The latest public option compromise now floating in a trial balloon somewhere over D.C. is an "opt-out" public option that starts nationally but allows individual states to leave the program. The basic idea is that blue states get a public option, while red states don't.
Like most of these "compromises"--namely triggers or co-ops--it has three fatal flaws:
On top of all that, this compromise has a problem all its own:
- First, it is yet another example of compromising with ourselves, even though we have enough votes to pass a national public option through the Senate.
- Second, only one side, Progressives (as always), are required to give up anything. This "compromise" moves in only one direction--toward a weaker public option.
The only floated compromise where this was not the case was the "stronger trigger" Pelosi floated last month. In that compromise, Progressives would be allowed to write trigger language, thereby making it a certainty to kick in and also allowing for a much stronger public option than any of the ones currently on the table. Of course, the Maine Republicans saw right through that trick, and the idea was quickly nixed.
The opt-out "compromise" offers nothing comparable in return, such as a public option that would be available to 100% of all residents in the states that did not opt-out.
- Third, there is no indication this compromise actually has any votes behind it. In addition to garnering no Republican votes, it is a safe bet is that this would be opposed by a lot of House Progressives, and also opposed by a lot of other House Democrats who are from the red states that would opt-out.
Given both that we all expect Progressives to fold on anything and that it seems the 60-vote culture of the Senate means the House doesn't matter anymore, it is a common misconception that just because an idea is floated by a Senate Conservadem leader--in this case, Tom Carper--the idea has the votes to pass into law. That just isn't true.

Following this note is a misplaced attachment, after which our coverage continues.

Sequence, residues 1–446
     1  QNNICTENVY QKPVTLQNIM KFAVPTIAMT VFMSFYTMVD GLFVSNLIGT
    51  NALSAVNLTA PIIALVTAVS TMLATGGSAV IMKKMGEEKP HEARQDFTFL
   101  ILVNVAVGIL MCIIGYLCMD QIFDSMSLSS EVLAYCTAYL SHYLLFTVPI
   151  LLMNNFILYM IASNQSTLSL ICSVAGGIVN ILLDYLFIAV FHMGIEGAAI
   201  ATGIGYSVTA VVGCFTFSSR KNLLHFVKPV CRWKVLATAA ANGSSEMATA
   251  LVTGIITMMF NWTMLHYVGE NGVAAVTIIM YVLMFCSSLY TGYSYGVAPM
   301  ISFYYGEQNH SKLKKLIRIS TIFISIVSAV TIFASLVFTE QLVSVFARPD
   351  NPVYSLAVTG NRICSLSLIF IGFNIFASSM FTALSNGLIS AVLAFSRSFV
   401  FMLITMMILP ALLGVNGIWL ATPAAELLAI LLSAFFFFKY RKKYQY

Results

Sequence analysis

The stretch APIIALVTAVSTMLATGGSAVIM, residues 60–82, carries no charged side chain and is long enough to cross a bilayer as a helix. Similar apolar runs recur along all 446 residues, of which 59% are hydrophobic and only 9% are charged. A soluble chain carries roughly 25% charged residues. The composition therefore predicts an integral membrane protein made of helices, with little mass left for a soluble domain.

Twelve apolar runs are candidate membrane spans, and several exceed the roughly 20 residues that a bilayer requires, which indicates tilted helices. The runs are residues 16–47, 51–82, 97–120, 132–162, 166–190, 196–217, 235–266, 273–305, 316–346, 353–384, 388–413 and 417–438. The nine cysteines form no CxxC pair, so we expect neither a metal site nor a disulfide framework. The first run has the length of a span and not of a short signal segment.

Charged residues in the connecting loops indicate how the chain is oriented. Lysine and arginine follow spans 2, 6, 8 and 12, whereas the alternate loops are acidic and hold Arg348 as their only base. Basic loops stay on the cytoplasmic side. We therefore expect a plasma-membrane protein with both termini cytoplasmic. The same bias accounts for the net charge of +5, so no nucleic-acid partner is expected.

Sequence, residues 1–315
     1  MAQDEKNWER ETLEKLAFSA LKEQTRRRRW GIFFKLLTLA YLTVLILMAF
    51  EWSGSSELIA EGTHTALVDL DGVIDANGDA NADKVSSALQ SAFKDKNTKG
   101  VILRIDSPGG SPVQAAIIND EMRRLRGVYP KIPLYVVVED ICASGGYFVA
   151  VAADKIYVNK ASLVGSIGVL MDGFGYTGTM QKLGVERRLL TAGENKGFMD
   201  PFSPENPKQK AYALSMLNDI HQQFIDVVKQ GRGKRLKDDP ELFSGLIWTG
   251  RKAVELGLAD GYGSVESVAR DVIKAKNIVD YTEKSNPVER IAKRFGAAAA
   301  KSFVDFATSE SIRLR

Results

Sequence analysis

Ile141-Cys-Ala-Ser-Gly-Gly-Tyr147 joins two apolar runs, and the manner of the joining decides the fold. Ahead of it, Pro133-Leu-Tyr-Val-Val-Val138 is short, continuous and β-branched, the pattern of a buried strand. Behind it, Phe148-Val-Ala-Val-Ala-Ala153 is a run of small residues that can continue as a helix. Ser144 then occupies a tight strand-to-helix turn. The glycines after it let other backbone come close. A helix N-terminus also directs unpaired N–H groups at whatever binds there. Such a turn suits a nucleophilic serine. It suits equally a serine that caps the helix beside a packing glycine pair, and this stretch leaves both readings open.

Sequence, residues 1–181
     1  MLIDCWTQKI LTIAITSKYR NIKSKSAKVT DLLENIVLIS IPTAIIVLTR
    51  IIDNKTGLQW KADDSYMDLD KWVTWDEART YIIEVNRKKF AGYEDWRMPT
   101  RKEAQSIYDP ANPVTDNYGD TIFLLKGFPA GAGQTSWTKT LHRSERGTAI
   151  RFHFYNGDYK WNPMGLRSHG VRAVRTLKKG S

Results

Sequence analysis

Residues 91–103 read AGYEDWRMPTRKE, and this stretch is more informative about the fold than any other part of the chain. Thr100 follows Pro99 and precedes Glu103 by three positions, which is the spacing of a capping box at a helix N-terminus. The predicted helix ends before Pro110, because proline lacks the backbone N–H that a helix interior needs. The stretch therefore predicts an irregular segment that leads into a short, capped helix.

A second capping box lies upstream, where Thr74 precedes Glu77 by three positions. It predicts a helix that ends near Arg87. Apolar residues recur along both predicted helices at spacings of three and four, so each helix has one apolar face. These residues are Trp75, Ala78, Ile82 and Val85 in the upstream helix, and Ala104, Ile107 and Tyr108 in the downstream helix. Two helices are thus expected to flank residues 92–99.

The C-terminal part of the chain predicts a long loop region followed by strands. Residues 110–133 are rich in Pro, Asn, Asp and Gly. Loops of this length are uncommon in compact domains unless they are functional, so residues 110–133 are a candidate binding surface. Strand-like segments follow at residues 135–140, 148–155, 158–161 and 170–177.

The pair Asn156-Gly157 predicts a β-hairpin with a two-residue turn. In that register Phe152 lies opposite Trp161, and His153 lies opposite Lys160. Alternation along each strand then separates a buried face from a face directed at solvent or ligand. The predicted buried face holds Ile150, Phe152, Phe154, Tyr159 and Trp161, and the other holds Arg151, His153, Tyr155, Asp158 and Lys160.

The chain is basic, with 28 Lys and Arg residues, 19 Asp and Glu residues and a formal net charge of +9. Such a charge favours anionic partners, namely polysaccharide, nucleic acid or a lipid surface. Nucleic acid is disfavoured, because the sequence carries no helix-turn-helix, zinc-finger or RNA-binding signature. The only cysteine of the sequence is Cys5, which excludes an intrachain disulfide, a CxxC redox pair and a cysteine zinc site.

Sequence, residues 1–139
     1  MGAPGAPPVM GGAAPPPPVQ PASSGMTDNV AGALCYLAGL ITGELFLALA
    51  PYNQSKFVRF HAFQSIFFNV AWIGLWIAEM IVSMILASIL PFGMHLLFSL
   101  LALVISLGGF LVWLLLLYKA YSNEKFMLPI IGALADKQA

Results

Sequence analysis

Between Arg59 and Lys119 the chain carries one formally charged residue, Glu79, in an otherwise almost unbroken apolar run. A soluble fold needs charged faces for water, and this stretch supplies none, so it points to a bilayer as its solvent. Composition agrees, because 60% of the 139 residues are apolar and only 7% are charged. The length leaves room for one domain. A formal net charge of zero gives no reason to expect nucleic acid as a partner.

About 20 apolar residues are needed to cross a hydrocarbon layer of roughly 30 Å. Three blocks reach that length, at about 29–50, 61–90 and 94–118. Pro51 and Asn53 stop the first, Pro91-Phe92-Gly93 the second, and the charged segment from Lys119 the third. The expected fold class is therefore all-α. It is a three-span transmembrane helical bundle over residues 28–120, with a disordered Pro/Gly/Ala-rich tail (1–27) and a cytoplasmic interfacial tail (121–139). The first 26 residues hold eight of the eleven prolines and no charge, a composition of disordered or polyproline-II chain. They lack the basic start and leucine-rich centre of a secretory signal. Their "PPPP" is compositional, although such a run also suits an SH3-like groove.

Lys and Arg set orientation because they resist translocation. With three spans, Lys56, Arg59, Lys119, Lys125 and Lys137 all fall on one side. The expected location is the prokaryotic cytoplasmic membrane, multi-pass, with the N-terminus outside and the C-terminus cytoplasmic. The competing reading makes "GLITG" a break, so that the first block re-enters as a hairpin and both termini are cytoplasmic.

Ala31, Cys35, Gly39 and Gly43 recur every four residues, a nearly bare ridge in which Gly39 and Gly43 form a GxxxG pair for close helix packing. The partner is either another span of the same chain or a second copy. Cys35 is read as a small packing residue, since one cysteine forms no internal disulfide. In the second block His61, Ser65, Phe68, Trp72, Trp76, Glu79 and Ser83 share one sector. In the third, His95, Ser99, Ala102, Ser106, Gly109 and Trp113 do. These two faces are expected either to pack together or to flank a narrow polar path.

Yesterday produced a perfect example of why Senate Conservadem ideas are often non-starters. Just before the CBO released the score on Max Baucus's health care bill, a huge, 150 member coalition of House Progressives and Blue Dogs pronounced it DOA. 24% of the funding for the Baucus bill comes from taxing high-cost insurance plans, even though such a proposal apparently has less than 100 total votes in the House. Single-payer has more votes in the House than the Baucus plan to tax high-cost insurance policies.
The lesson here is that just because a Senate Conservadem likes it doesn't mean the idea can actually pass into law.
For all of these reasons, the opt-out compromise is not worth supporting. There is, however, one thing that it offers, and which I admit will be very tempting to many Democrats:
A public option opt-out is a good way for blue state Democrats frustrated with Republican obstructionism to both experience the benefits of progressive policies and engage in punitive action against those who oppose them. You don't want to stand up to insurance companies, are fine with having large uninsured populations, and don't mind crippling health care costs? Fine, you go and do that red staters. Enjoy your corporate free for all, while we start living better.
- It would be a Democratic and Progressive-sanctioned middle finger to the 16,094,055 Obama voters who live in McCain states. This is not even to mention the 4,282,367 Floridians who voted for Obama but whose Republican dominated legislature would opt-out the week after the health care bill passed. There are even a lot of non-voters and Republicans who would use, need and want a public option but who live in red states.
I admit, that can be a pretty tempting viewpoint. The vicious rhetoric against liberals and progressives for decades, not to mention the damage caused by conservative governance and power grabs, increases the desire to just go our separate ways. Just let red America have its corporate free for all, while maybe here in blue America we can regain some control over the system and prove we have better polices.
The opt-out plan still isn't a good idea, and we need to stop talking about supporting it. However, I do at least understand why it is tempting. Spite can be a powerful emotion in politics these days.